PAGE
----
I think it is worthwhile to reflect on this in two ways. Firstly, it is commonplace to hear that people act boldly when given permission to do so. This assumes there is, in certain individuals, an innate capacity for bold leadership, just waiting to be unleashed. I am sure there is some truth in this assertion and the motivation for such audacity will be different for each of us. For some, the opportunity for self-expression will be welcomed; for others, it will be the chance to show one’s ability in the hope of peer-recognition, perhaps even career advancement; and for others such calculation will be secondary to a sense of moral imperative. This line of reflection, then, is about those who are quick to intuit some kind of advantage by moving towards a potential space, rather than away from it, even though the prospects for such advantage are unknown. Secondly, there are individuals, who will, at some level, have a vision for how their workplace could be reimagined. Like the first group, their intuition may well lead them towards opportunities, but rather than seeing a potential space, they also see the potential to do things differently based on an idea, a vision, and the hope of what they might achieve.
So, for the first group – let’s call them passionate leaders – what kind of barriers stand in their way and what can we do to harness their passion? What kind of experience and training do we need to develop their judgement and tutor their appetite for risk? How can we nurture their embrace of the unknown and teach them how to innovate, create, and implement their ideas. Giving staff the permission to be bold, and allowing them to make changes for the benefit of the people we serve was a central theme of the Health Board’s Amplify programme which ran in the summer of 2019. So much has happened since then but this key goal remains a constant. It is also the purpose of our new Spread and Scale Academy which ran, for the second time, this March, to help such leaders define their ideas and optimise their impact. It seems likely that from amongst our passionate leaders, will emerge a smaller number who will be more typical of the second group – let’s call them purposeful leaders – and that such leaders exemplify the ability to not only ‘do the right thing on a difficult day’, as the late Professor Aidan Halligan used to say, but to also make work meaningful and purposeful for those around them. They have a vision which is sufficiently capacious for others to inhabit it fully, and they have a sense of conviction, that generates confidence in others.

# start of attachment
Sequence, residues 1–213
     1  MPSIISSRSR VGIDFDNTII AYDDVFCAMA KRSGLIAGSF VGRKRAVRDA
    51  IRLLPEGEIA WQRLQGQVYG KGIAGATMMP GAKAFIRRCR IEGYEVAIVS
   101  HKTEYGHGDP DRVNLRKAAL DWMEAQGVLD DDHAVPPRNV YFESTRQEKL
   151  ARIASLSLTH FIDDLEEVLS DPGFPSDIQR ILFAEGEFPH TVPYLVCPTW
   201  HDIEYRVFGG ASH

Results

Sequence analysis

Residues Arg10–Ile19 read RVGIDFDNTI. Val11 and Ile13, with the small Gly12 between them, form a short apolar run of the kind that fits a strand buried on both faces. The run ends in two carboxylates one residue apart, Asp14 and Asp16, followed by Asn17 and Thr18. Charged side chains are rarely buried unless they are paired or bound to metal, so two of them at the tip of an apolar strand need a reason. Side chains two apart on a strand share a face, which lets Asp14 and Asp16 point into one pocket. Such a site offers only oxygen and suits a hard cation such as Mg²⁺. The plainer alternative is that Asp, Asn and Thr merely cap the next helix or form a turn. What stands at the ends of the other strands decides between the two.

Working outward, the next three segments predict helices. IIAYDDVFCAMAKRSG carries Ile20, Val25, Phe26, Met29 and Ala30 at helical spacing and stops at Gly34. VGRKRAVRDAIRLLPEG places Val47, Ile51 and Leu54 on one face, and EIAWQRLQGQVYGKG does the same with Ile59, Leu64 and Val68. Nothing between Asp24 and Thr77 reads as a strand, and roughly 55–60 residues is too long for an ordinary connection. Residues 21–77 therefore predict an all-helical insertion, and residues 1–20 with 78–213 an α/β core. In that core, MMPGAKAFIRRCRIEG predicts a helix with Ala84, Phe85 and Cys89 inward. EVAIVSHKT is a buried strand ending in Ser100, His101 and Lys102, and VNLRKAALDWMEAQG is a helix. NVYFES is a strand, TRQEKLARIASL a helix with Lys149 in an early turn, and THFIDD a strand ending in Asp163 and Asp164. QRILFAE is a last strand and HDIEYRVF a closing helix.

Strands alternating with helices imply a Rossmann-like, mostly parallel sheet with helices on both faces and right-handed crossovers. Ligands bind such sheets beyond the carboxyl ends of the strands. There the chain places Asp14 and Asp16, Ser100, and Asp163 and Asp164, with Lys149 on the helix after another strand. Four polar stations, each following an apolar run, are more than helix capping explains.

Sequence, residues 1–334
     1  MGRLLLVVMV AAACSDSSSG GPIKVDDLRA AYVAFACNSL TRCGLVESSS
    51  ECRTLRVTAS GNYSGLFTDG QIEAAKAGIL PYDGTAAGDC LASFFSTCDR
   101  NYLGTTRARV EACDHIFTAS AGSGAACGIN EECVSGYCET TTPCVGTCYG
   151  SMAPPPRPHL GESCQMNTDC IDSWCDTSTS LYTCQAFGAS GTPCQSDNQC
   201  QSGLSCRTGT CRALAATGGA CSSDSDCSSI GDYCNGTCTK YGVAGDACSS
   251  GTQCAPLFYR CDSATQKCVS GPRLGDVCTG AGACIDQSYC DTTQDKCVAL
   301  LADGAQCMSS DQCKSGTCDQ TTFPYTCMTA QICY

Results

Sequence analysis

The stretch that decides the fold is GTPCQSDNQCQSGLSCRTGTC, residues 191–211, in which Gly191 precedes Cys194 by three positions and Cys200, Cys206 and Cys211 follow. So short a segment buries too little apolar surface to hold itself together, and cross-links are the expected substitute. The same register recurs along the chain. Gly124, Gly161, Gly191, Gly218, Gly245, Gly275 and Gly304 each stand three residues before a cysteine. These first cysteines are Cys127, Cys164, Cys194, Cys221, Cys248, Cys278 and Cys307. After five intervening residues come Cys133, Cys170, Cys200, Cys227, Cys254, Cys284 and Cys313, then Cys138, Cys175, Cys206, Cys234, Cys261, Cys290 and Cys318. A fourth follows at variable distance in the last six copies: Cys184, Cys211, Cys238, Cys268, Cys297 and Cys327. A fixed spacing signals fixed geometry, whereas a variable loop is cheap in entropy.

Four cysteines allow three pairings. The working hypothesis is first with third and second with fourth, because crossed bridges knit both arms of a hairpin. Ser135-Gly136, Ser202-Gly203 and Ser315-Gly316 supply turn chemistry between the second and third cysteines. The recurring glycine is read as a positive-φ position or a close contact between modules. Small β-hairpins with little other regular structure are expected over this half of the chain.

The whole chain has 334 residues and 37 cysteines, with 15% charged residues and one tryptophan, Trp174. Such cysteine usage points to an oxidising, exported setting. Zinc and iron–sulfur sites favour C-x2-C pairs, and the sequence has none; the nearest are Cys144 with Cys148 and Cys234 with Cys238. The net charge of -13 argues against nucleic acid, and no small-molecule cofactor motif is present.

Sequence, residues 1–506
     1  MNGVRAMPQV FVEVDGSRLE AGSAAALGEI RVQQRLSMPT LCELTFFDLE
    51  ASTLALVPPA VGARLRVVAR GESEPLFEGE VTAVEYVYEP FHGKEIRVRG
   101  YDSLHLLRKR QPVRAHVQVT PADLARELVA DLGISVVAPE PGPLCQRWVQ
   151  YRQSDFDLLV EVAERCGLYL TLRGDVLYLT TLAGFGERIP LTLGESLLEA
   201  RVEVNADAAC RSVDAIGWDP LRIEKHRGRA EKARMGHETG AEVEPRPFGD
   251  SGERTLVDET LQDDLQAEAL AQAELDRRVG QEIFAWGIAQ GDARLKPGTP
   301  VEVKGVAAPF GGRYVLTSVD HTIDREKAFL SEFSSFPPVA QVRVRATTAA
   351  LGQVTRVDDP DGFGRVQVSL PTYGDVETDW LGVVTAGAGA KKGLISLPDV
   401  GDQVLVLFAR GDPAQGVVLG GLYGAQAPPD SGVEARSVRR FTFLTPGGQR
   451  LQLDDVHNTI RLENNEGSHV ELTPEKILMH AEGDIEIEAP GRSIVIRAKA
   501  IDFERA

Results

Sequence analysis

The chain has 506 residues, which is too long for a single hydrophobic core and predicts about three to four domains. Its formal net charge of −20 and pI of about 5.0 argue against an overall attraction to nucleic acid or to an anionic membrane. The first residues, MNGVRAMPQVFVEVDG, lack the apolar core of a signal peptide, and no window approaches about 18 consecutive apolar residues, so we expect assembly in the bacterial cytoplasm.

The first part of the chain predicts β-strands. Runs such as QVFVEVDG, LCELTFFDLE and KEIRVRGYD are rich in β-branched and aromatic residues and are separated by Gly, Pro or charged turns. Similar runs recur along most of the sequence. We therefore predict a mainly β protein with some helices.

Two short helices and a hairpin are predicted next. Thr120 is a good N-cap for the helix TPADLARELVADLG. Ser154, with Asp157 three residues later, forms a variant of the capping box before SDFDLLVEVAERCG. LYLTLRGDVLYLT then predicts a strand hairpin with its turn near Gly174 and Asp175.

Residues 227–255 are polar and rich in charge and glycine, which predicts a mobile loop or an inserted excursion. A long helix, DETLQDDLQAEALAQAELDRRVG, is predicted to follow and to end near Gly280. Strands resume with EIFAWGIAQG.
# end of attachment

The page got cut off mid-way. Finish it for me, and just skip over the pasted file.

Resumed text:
But where do new ideas come from? Just because something is “the way we’ve always done it” does that mean it is the best way of doing things? Maybe, but then again, maybe not. What enables a leader to judge when tradition serves as an rock, a strong foundation on which to build, or when it serves as a rock in one’s way, an impediment to progress? When a new, radical way of thinking and doing things comes along we must be ready to embrace it and the people behind it, instead of squashing them into the pre-existing moulds of our system. There is a great deal to be learned from fully embracing new ideas, even if such ideas are not ultimately adopted by others. For in attending to new ideas, one is forced to reappraise the value of the status quo. I am reminded of T S Eliot, “Do not let me hear of the wisdom of old men, but rather of their folly, their fear of fear and frenzy, their fear of possession, of belonging to another, or to others, or to God. The only wisdom we can hope to acquire is the wisdom of humility. Humility is endless.”
We want to break down organisational barriers, ensure that our staff have a shared vision and sense of purpose, and implement models of leadership that have high levels of trust and support with much lower levels of hierarchy and bureaucracy. There are other incredibly complex systems to which we can look for guidance on how to achieve this. Take NASA for instance, on the Apollo 11 mission, the average age of Mission Control was just 28 years old. The flight controllers were hired based on their qualifications and skills, rather than their experience, and a huge amount of trust was placed in them to make snap, often life-and-death, decisions. Meanwhile the flight director, Gene Kranz, viewed his role as that of an orchestra conductor: guiding the individual players and steering the overall direction without interfering with the decisions they made.
One of the flight controllers, Steve Bales, was just 26 at the time of the moon landing and when Buzz Aldrin and Neil Armstrong reported that the landing craft was going too fast and might overshoot its landing spot on the lunar surface, it was down to Bales to make a decision – either to abort or continue. Make the wrong choice and that decision could have cost $153bn, a decade’s worth of work and the lives of two astronauts.
It took just 15 seconds from the time of the initial alarm for the team to take the information from their computer systems, analyse it, and make the decision to continue the mission. It was not Kranz who made that decision, it was the experts on the frontline who had Kranz’s full confidence and support. Speaking about his experience of Apollo 11, Steve Bales, said, “We didn’t know we couldn’t do it, so we just did it.”
There is a lesson here for those of us in senior positions. While experience is obviously a key part of organisational success, we cannot deny that these are the types of decisions our young staff members are making every single day. The lives of our patients are often literally in their hands. It is our responsibility as managers to empower them, support their decision-making, and, when they want to deliver change, give them permission to do so; we cannot continue to obstruct change with “we’ve always done it this way.”